In a campaign laced with religious and ethnic tensions, the minority Christian governor of Indonesia’s sprawling capital was unseated by a former education minister backed by conservative Islamists, unofficial results showed Wednesday.
With nearly all the votes counted, polling companies said Anies Baswedan won about 60% of the vote in a runoff election to lead the city of 10 million people, soundly defeating incumbent Basuki Tjahaja Purnama, a Christian of Chinese descent.
The bitter campaign evolved into a test of ethnic and religious tolerance in the world’s most populous Muslim nation, long seen as a bastion of moderate Islam.
Purnama, better known as Ahok, is facing blasphemy charges over remarks that allegedly insulted Islam’s holy book, the Koran. Hundreds of thousands of Islamist demonstrators took to the streets during the campaign, demanding that Purnama be jailed.
Although Purnama was widely perceived as a problem-solving administrator who cleared riverside slums and shuttered brothels, his blunt, confrontational manner was at odds with the more diffident style of Indonesian politics.
Unofficial results showed he won about 40% of the vote, roughly the same as in the first round of the election in February, indicating that he did not attract additional support in a city that is 80% Muslim.
“If you look at the [preelection] surveys, Ahok gets 70% of people satisfied with his work, but when asked if you will vote for Ahok the number drops to 40%,” said Bonar Tigor Naipospos, vice chairman of the Setara Institute, a Jakarta research organization.
“It is because of the religious sentiment,” Naipospos said.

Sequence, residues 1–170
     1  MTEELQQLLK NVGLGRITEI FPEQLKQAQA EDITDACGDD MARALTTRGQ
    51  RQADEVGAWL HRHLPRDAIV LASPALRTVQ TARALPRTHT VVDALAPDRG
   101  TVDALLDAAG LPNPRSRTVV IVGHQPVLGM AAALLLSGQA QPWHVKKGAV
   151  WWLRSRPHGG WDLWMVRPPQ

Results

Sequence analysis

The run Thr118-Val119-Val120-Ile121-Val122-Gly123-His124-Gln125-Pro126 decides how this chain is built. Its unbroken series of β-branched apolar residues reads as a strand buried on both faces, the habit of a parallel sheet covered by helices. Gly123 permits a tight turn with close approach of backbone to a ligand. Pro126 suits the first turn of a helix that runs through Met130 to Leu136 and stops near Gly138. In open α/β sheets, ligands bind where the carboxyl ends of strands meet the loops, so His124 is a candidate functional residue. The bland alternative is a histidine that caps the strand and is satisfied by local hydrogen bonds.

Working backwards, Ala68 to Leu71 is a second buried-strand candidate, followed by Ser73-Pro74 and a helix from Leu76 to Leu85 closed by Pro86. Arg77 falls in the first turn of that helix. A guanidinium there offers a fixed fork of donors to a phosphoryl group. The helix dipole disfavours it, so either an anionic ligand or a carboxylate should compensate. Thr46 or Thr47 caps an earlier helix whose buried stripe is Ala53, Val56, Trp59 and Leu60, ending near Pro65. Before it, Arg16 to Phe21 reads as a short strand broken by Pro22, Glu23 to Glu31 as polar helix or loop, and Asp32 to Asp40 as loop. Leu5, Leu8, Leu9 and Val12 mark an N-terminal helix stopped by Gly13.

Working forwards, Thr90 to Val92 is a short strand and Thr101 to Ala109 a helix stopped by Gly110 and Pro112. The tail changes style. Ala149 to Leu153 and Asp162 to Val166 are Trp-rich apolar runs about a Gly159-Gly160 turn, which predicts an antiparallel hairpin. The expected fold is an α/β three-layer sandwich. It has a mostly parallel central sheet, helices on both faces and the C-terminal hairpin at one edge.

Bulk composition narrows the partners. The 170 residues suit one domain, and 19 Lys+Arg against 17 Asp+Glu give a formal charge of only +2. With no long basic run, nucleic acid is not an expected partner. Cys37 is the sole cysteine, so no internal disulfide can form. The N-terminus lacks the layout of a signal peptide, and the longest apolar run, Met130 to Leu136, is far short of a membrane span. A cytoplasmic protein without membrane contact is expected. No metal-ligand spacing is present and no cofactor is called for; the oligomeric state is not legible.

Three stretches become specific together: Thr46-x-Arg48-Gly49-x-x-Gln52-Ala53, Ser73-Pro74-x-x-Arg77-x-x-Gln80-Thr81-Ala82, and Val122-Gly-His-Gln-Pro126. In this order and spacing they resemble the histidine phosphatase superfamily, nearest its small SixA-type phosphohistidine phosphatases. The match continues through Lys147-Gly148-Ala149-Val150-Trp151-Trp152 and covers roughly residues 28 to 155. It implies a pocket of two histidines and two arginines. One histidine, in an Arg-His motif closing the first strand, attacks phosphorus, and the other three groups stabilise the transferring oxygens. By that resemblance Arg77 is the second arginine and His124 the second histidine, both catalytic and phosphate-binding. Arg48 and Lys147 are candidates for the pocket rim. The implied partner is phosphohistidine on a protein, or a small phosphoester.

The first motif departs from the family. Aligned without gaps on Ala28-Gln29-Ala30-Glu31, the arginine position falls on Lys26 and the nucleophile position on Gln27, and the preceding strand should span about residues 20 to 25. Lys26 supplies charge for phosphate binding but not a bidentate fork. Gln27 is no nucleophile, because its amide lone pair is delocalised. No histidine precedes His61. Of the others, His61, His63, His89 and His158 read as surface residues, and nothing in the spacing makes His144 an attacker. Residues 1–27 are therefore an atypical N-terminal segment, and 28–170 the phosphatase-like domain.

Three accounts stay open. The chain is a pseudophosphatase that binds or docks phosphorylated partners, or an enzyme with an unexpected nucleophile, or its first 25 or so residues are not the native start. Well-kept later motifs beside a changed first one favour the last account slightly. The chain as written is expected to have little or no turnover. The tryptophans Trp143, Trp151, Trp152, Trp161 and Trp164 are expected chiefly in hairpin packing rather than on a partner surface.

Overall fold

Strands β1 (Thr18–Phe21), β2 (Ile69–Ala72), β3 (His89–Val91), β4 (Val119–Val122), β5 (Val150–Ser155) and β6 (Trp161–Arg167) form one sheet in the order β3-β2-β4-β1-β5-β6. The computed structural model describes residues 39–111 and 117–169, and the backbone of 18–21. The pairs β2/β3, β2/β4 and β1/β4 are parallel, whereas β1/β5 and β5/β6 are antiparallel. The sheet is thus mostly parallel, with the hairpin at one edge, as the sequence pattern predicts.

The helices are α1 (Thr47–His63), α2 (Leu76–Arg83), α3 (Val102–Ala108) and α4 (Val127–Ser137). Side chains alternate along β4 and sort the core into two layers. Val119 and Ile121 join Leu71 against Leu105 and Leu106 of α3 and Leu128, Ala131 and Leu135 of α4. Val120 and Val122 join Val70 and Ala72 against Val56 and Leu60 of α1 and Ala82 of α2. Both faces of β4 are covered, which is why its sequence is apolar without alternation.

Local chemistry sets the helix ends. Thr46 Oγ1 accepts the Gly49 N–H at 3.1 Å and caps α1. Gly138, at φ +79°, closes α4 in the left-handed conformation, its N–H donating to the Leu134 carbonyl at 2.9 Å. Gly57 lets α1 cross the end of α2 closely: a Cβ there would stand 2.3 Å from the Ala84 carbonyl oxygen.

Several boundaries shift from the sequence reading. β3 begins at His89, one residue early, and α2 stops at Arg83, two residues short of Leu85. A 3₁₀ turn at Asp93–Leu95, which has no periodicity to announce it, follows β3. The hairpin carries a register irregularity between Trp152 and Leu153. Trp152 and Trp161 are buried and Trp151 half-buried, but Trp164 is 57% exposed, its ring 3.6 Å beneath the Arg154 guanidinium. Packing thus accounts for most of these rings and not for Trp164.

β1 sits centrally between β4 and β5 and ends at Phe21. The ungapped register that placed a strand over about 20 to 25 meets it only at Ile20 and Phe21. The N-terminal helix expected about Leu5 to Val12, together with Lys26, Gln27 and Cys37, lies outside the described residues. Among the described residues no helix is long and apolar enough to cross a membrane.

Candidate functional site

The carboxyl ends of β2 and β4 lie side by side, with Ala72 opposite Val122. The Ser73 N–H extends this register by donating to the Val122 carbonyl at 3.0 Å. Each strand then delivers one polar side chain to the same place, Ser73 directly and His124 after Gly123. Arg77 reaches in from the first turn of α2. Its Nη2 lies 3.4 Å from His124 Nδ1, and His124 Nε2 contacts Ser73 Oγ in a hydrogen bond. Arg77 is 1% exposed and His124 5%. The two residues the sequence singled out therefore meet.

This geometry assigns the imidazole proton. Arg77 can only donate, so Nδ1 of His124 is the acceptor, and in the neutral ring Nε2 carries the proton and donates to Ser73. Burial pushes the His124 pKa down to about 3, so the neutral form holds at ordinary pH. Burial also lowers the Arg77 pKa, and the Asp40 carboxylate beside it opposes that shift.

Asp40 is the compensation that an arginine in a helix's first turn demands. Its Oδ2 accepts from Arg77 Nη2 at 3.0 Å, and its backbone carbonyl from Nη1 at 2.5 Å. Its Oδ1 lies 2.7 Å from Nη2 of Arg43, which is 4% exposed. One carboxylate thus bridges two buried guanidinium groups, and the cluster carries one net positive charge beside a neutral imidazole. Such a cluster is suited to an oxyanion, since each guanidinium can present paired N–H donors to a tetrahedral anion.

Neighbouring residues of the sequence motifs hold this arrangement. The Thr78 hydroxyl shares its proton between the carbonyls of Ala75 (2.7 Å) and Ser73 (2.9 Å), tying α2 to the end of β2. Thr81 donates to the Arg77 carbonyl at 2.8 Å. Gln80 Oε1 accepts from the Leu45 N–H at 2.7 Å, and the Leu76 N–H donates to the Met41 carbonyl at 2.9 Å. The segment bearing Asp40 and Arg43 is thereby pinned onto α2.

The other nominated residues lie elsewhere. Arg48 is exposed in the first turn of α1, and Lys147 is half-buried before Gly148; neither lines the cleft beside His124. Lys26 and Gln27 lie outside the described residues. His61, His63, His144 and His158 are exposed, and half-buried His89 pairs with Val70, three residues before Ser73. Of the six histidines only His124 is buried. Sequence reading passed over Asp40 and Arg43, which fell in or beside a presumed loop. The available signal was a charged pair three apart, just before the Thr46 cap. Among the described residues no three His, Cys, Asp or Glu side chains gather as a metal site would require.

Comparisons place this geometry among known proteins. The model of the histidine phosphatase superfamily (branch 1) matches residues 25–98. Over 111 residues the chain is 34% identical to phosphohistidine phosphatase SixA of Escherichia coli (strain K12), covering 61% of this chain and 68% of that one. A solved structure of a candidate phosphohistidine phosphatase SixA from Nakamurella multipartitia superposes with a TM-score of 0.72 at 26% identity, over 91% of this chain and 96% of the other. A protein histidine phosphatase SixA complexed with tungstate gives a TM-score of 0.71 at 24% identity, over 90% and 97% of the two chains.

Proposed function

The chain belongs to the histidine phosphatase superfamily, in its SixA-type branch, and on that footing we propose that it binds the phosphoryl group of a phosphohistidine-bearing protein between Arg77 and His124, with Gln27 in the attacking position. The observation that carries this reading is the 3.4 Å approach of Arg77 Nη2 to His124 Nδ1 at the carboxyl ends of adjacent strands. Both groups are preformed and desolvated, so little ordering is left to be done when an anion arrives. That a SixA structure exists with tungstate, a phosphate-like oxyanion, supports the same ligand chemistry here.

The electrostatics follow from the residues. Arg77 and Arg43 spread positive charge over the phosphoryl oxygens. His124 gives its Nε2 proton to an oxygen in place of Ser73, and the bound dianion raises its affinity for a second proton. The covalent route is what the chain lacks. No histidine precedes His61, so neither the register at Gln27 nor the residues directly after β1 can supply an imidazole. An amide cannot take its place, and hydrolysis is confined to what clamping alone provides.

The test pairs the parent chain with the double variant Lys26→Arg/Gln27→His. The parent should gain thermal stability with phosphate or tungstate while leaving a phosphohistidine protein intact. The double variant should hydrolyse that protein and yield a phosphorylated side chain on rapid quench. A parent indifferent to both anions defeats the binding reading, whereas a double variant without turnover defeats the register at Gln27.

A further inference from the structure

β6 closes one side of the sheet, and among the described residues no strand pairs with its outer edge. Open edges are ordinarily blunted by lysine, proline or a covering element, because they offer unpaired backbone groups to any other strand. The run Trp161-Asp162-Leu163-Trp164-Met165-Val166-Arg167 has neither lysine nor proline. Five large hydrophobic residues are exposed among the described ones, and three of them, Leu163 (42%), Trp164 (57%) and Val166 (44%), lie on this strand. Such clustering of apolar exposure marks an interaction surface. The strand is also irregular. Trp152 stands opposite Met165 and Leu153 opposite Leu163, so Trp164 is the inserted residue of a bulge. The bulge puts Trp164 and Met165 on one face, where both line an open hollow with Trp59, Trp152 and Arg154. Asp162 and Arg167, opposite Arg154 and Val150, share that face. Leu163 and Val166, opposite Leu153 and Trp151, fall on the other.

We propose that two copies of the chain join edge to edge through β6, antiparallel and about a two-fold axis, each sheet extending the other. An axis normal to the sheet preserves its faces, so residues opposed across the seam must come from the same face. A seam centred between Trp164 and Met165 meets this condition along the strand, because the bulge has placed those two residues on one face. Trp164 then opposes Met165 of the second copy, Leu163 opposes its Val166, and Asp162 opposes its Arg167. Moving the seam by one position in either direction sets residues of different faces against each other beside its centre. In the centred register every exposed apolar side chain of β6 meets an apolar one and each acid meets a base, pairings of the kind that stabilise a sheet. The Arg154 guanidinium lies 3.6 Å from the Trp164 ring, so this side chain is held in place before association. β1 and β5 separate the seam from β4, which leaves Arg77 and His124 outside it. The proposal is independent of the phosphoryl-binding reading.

The result was a blow to Indonesian President Joko Widodo, who preceded Purnama as the capital’s governor. It came a day before Vice President Mike Pence was scheduled to visit Indonesia and meet with Widodo on the third leg of an Asian Pacific tour that includes South Korea, Japan and Australia.
Baswedan’s margin of victory was a surprise, as polls in the week leading up to the runoff showed the candidates running neck and neck.
“Few would have predicted that it would be such a landslide victory,” said Charlotte Setijadi of the ISEAS Yusof Ishak Institute, a think tank in Singapore. “Pretty much all the preelection polling data suggested a much tighter race or even a stalemate."
Baswedan, who was fired in 2016 as Widodo’s education minister, made a political comeback after allying with Islamists who staged mass demonstrations twice in late 2016 calling for Purnama’s removal — and in some cases his execution.
The demonstrations ended with Widodo joining protest leaders onstage under a Jakarta thunderstorm in early December in an apparent bid to neutralize the campaign against the governor.
Baswedan’s aides denied that they pandered to religious hard-liners.
“We went back to focusing on unity, jobs, cost of living, education,” said Sandiaga Uno, a businessman who will serve as deputy governor under Baswedan.
But asked about the tone of the campaign, Uno acknowledged, “It has been divisive, toward nasty.”
Baswedan was supported by Prabowo Subianto, a former general whom Widodo defeated for president in 2014. Subianto is said to be eyeing a rerun of that contest in 2019.
But Widodo — a mild-mannered former furniture salesman known by the nickname Jokowi — remains popular for his efforts to cut red tape, boost small business and upgrade the country’s aging infrastructure.The Jakarta election “creates momentum for Prabowo for sure,” said Yohanes Sulaiman, a lecturer at Universitas Jenderal Achmad Yani in Bandung, Indonesia. “But a major blow to Jokowi? Don't think so.”
Roughneen is a special correspondent. Times staff writer Shashank Bengali contributed to this report from Mumbai, India.